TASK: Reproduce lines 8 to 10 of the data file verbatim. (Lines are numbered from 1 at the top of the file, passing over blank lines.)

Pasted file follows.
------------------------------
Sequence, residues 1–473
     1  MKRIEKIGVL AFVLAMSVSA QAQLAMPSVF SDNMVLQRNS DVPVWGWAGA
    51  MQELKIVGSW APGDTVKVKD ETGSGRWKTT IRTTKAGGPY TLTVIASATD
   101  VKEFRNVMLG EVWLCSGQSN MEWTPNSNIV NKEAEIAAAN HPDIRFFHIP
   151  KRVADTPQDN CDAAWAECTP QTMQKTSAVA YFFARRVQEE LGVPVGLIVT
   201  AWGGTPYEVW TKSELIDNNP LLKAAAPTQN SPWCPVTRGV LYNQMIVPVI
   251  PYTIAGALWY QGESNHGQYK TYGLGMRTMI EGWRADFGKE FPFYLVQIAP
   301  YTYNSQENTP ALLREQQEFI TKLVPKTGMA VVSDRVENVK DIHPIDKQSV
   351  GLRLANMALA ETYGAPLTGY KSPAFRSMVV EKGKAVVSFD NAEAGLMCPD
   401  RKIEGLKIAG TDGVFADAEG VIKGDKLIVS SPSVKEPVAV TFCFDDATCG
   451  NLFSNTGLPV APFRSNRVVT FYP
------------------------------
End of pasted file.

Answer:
   301  YTYNSQENTP ALLREQQEFI TKLVPKTGMA VVSDRVENVK DIHPIDKQSV
   351  GLRLANMALA ETYGAPLTGY KSPAFRSMVV EKGKAVVSFD NAEAGLMCPD
   401  RKIEGLKIAG TDGVFADAEG VIKGDKLIVS SPSVKEPVAV TFCFDDATCG